Connecticut Association for Human Services

aka CAHS   |   Hartford, CT   |  www.cahs.org

Mission

CAHS improves opportunity and prosperity for Connecticut’s children and families by shaping policies and programs that significantly and measurably reduce poverty and promote a secure future.  We are inspired by a belief in shared prosperity and the vision of a Connecticut where all children and families thrive and, regardless of income level, contribute to and share in Connecticut’s growth. 

Ruling year info

1954

CEO

Mr. John P. Merz

Main address

110 Bartholomew Ave Suite 4020

Hartford, CT 06106 USA

Show more contact info

EIN

06-0653158

NTEE code info

Alliance/Advocacy Organizations (P01)

Consumer Protection and Safety (W90)

Kindergarten, Nursery Schools, Preschool, Early Admissions (B21)

IRS filing requirement

This organization is required to file an IRS Form 990 or 990-EZ.

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Communication

Programs and results

What we aim to solve

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Our programs

SOURCE: Self-reported by organization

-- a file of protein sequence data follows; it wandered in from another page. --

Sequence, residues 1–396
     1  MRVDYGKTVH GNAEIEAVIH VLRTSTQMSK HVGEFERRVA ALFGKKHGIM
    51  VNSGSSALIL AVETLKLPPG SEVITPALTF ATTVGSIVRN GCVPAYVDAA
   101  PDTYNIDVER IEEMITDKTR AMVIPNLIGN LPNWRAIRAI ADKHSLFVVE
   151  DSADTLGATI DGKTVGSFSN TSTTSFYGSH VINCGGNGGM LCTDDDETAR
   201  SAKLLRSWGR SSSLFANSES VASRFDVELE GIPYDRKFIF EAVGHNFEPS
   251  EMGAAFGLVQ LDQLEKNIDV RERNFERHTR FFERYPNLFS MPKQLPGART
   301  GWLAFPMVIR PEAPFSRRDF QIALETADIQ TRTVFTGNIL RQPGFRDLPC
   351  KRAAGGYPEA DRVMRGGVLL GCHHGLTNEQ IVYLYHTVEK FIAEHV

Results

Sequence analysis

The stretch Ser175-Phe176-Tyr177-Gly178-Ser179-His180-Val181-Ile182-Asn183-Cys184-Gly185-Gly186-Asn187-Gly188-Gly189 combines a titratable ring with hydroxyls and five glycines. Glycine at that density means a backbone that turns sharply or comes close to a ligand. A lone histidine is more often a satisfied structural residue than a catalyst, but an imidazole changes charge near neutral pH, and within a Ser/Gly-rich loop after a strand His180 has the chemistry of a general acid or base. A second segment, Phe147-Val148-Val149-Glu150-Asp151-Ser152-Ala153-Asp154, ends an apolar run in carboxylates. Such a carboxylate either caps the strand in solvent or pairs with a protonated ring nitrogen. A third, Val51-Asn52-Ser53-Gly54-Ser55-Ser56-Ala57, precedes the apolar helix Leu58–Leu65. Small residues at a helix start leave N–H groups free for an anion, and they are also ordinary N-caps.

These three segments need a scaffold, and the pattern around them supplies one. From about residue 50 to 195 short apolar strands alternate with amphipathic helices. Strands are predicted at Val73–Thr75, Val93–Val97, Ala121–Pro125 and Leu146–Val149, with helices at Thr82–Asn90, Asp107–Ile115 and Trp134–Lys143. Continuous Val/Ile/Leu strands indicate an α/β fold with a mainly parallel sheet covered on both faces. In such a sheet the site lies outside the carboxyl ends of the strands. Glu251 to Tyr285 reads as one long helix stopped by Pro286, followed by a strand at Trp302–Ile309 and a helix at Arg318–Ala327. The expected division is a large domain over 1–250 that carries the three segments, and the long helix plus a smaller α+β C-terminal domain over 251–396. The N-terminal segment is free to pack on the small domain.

What are the organization's current programs, how do they measure success, and who do the programs serve?

Connecticut Money School (CMS)

The Connecticut Money School (CMS)  provides free financial education for adults, young adults, and seniors  We believe that everyone should have the opportunity to become financially independent. We ensure that students receive a high standard of financial education that will help them work towards a prosperous future.
 CMS is a community-based initiative created to promote economic stability for low to moderate income individuals Connecticut.  Nearly 100 instructors with financial backgrounds teach our classes. Topics covered include: debt, savings, basic budgeting, credit, loans, health care, homeownership, saving for college, and senior issues (long-term care, retirement, fraud prevention).  We have recently added a Spanish language and online version, covering a broad range of topics. CAHS also operates the Youth Money School, which offers financial education for teens and young adults, including workshops on budgeting, credit and paying for college.

Population(s) Served
Adults
Seniors